Watching the new Blu-ray disc of William Peter Blatty’s director’s cut of Exorcist III, “Legion”, I’m feeling slightly disappointed. Not just because the original shoot’s footage is faded and full-frame, culled from a VHS source, and integrated with pristine, widescreen footage from the theatrical cut…but because the director’s original choice to have Father Karras played by Brad Dourif, instead of Jason Miller from The Exorcist, just doesn’t work.
Though, on the Blu-ray’s special features, Dourif insists his initial performance (in the Legion footage) is superior to his reshot performance in Exorcist III, his acting wasn’t as strong or as focused the first time around. In both versions, Dourif’s screen presence also isn’t as creepy as Miller’s.
Even though Miller is said to have been suffering from ‘wet-brain’ as a result of his alcoholism and unable to deliver his lines properly, the acting moments that Miller was able to deliver are genuinely compelling and spooky. Dourif’s interpretation (in the original footage) lacks something and his personification of the character(s) isn’t nearly as magnetic.
Having two actors play the dual character of Father Karras/The Gemini Killer in the theatrical release, though a curious choice, was more effective. It kept the audience off-balance within each scene and more effectively reinforced the concept of a good man (Karras) being forced to share the same body with an evil man (The Gemini Killer), which also helped underscore the confusion of the Kinderman character (George C. Scott), since he found himself addressing both, depending on the supernatural/demonic whims of the Gemini.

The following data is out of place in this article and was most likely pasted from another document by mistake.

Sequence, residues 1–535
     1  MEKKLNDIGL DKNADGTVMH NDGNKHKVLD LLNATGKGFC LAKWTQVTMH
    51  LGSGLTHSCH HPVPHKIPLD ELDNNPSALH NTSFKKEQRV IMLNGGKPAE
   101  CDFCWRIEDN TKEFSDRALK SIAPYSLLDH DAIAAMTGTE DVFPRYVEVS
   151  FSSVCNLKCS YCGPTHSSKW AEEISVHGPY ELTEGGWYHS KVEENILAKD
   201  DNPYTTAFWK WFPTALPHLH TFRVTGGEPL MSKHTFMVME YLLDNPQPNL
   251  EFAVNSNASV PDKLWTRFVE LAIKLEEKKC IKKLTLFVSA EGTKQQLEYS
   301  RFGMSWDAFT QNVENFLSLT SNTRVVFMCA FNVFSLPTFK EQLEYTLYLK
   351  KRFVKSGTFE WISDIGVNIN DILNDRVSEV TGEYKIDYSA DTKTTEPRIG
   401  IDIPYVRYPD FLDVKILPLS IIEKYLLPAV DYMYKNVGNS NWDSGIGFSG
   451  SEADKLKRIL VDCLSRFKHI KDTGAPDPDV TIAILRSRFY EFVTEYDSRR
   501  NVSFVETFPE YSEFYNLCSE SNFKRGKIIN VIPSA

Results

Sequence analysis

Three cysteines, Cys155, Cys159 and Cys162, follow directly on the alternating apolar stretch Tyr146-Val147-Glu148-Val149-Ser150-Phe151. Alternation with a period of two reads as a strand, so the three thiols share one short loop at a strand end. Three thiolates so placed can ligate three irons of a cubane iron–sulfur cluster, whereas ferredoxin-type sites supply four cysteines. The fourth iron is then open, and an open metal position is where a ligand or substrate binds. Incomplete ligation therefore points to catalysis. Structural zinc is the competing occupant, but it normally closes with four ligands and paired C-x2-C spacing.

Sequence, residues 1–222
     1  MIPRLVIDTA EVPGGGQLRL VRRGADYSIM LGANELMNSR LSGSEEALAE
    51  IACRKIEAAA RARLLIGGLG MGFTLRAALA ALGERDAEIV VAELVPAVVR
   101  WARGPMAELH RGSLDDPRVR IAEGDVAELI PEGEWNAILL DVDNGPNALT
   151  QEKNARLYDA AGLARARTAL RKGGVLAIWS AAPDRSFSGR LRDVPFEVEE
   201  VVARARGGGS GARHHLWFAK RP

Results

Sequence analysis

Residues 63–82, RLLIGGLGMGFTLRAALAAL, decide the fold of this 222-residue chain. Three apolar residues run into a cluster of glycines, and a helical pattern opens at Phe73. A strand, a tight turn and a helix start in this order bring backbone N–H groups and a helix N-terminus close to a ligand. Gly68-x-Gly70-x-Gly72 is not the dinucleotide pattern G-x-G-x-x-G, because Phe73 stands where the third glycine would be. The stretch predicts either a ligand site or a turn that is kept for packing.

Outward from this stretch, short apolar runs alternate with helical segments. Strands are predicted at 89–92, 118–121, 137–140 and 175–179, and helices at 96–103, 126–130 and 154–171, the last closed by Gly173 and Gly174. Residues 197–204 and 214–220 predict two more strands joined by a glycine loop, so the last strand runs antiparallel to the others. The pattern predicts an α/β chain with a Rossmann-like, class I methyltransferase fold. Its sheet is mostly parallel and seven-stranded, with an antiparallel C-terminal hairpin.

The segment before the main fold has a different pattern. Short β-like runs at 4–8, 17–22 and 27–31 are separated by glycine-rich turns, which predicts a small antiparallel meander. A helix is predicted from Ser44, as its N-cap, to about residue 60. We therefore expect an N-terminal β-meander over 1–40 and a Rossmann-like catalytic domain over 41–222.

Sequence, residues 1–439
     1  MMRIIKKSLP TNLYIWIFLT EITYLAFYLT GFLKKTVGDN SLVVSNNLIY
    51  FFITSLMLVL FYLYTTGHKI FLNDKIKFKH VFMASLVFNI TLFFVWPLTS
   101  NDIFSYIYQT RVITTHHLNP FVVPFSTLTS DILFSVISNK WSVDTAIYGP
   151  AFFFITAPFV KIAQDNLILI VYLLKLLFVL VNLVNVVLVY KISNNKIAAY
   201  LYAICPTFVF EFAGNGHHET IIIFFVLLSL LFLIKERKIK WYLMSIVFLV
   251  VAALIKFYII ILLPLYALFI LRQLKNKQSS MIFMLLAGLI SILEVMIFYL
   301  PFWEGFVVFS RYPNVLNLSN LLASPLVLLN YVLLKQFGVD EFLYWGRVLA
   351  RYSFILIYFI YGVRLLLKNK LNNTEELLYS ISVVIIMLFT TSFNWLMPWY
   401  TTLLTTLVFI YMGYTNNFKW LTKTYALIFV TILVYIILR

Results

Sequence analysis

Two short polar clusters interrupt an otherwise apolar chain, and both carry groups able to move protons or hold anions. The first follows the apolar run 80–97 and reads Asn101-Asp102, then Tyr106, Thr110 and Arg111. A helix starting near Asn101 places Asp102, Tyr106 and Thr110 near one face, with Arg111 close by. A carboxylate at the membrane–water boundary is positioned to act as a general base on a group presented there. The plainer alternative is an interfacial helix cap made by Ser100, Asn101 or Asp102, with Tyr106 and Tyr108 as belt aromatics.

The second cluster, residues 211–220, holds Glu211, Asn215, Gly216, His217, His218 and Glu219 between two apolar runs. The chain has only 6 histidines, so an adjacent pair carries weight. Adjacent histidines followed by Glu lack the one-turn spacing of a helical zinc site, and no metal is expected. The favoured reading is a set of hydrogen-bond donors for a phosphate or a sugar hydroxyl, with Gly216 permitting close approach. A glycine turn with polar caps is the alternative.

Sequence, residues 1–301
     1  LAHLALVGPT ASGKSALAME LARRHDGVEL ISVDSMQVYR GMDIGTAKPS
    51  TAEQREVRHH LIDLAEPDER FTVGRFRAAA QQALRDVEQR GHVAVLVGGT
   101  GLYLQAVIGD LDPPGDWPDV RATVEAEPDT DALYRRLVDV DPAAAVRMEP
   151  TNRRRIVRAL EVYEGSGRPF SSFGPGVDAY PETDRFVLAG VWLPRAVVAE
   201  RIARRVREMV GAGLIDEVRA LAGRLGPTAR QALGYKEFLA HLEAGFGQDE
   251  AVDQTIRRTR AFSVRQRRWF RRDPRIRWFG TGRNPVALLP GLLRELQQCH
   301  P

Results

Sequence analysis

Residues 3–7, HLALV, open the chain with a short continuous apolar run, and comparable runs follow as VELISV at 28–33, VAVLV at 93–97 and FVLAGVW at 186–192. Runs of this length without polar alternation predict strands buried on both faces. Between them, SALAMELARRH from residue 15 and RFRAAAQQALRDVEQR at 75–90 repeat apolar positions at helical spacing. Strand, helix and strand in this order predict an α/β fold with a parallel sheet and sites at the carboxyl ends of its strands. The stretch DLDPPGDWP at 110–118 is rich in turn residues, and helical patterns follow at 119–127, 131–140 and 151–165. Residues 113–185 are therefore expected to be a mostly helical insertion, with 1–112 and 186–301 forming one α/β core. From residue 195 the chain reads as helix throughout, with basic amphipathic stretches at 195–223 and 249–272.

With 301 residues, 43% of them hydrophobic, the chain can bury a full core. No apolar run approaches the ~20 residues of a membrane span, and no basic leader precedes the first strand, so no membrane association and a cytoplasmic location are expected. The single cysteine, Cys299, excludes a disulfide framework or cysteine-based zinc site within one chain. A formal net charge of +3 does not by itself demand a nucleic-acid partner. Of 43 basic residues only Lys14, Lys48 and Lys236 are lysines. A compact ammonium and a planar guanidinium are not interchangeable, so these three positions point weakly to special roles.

I haven’t yet made it to the end of the director’s cut, but, so far– and I never thought I’d say this– I’m more impressed with the acting and the atmosphere of the theatrical version. I’m sure my opinion will change a bit once I reach the original’s ending, which has to be an improvement over the theatrical version’s hokey ‘exorcism’ ending. Even with that silly ending, though, I’m more convinced than ever that Exorcist III is not the Bad Movie so many Exorcist fans said it was.
Leave that designation for John Boorman’s Exorcist II: The Heretic. Not this movie.
UPDATE: Having finished watching this version of the film, I have to say the original ending, after everything I’d read about it through the years, played better in my imagination. It was interesting to the story end without the overblown, Hellraiser-like exorcism scene, but, in terms of pacing and dramatic intensity, the original’s final scene was too abrupt. Almost anti-climactic.
Either way, the George C. Scott character’s in big trouble. I mean, it’s one thing for a police officer (in motion pictures) to gun down an unarmed murderer outdoors in front of other cops (for example, Charles Bronson in 10 To Midnight), but to execute an unarmed psychiatric patient– wearing a straitjacket, no less– in a solitary confinement cell…
I imagine it would be kind of hard to get out of that situation with a phony cover story (“He rushed me! Just ask all these other cops!”). The theatrical version of Exorcist III ended with a shot of Scott and another cop standing over Father Karras’s grave, as though it all turned out for the best, that Scott’s character never got in trouble for what he had done, which I never bought. This one doesn’t end so unbelievably, but it is undeniably bleak.